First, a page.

Brian is paralyzed in one arm and has to wear a sling to keep his arm steady and safe; on top of facing many extra challenges in navigating daily life, he finds wearing a sling burdensome and uncomfortable and has often wished he could adjust his arm’s position to enable him to perform certain tasks. He has many gripes with it, mainly the burden of the constant stress on his shoulder. The Exoarm was originally conceived of as a way for people with paralysis in an arm to lift things up with an arm exoskeleton. Attaching several pulleys to the upper part of the bicep proved to be both challenging and ineffective; the force required to lift the arm was mechanically improbable with that particular set-up. Attaching the pulley to the shoulder instead was possibly the most feasible alternative, but it did not
meet solve Brian’s main problem with his current sling, namely the stress it puts on his shoulder. A mechanical adjusting system was settled on as more feasible and responsive to Brian's needs.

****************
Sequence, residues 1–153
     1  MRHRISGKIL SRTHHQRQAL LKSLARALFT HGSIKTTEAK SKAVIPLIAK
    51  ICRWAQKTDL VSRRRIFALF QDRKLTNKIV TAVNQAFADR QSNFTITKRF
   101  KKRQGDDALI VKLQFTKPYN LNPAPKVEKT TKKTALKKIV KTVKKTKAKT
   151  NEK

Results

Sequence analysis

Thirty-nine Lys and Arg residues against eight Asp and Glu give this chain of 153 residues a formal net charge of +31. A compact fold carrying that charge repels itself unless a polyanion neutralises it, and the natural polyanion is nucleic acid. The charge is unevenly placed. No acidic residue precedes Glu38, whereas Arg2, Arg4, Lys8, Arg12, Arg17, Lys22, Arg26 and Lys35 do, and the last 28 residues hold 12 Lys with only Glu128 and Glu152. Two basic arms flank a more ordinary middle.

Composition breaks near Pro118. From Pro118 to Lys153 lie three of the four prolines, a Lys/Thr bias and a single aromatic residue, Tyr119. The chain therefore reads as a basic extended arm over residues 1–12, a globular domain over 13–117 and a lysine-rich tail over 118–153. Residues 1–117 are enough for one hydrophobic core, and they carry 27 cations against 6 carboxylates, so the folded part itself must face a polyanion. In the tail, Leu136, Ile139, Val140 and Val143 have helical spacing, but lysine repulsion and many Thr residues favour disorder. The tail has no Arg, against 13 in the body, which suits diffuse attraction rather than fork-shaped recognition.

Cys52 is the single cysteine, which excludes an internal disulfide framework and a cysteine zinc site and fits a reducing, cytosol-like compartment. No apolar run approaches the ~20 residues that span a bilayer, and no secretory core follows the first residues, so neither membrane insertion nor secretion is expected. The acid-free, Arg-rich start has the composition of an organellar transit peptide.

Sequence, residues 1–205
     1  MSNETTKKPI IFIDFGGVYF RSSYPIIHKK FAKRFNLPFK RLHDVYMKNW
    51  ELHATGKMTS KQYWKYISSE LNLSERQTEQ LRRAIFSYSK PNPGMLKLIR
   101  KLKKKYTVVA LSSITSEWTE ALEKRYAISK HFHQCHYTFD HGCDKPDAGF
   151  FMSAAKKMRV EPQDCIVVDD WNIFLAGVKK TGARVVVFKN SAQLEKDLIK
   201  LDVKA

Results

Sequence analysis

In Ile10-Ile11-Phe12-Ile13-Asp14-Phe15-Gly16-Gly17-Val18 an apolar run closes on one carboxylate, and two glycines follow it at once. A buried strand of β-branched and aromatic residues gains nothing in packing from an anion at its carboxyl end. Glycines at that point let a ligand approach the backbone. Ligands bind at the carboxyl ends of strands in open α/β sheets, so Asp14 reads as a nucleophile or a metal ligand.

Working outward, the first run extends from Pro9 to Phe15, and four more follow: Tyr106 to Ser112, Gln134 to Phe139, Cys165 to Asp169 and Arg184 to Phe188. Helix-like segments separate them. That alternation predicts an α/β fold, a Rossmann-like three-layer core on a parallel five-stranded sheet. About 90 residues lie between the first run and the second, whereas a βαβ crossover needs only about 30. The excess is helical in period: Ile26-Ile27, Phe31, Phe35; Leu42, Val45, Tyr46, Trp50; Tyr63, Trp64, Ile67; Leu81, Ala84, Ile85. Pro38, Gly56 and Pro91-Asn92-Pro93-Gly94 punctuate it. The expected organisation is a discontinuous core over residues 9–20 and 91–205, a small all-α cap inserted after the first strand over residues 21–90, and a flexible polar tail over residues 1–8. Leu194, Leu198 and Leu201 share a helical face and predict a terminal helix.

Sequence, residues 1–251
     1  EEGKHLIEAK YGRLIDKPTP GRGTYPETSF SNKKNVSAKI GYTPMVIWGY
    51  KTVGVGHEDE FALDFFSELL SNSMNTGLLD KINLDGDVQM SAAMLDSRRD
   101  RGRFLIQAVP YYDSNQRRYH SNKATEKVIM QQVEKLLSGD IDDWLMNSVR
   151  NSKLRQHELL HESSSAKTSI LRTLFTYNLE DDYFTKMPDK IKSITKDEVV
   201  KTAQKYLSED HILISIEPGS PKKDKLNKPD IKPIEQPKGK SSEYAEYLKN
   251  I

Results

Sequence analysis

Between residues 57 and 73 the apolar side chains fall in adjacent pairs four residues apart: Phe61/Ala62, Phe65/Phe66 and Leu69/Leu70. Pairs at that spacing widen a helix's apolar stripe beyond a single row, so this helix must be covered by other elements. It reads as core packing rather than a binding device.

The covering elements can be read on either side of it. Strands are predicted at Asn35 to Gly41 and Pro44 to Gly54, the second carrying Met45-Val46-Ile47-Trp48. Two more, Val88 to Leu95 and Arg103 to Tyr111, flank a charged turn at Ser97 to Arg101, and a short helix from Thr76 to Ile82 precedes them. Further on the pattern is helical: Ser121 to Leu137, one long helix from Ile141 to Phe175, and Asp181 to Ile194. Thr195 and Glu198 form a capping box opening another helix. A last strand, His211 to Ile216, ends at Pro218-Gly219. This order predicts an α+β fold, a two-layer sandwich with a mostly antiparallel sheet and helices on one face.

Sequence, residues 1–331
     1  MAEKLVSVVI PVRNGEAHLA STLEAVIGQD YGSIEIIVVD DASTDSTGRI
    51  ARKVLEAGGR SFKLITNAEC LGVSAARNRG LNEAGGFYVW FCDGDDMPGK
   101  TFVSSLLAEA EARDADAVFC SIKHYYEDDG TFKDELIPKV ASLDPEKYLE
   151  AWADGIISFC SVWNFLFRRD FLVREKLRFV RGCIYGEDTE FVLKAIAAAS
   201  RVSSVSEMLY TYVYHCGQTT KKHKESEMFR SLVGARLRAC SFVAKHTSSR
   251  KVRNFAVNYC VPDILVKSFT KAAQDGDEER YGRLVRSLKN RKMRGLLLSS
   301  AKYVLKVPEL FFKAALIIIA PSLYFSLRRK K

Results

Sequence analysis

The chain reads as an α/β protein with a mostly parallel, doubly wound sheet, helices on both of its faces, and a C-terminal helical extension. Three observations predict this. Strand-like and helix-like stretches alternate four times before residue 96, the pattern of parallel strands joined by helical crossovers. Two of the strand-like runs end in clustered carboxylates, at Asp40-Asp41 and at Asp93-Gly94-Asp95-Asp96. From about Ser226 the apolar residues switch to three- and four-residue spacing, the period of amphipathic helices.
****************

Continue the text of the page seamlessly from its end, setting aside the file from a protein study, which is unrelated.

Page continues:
The Exoarm's locking mechanism is a carefully engineered uncluttered approach. It has four parts, all designed with fluid mobility in mind: a gear, a toothbrush, a holder, and a clothespin spring. The gear's teeth are longer and thinner, allowing the teeth to hold better; it is fixed to the upper part of the Exoarm, allowing it to follow the proper motion of an arm. The toothbrush is a rod that rotates to bite down and lock onto to the gear. Its teeth are the same size as the gear to allow fluid attachment. The holder also rotates and is angled in such a way
, that it is easy to adjust. At the end, there is a rod that is press-fitted into a bearing inside of the gear; this allows for the two gear-infused holders to be attached the fore-arm brace to move and hold the arm. Finally, there is a clothespin. A simple spring that is put in the middle of the toothbrush, it allows someone to adjust their arm in many positions.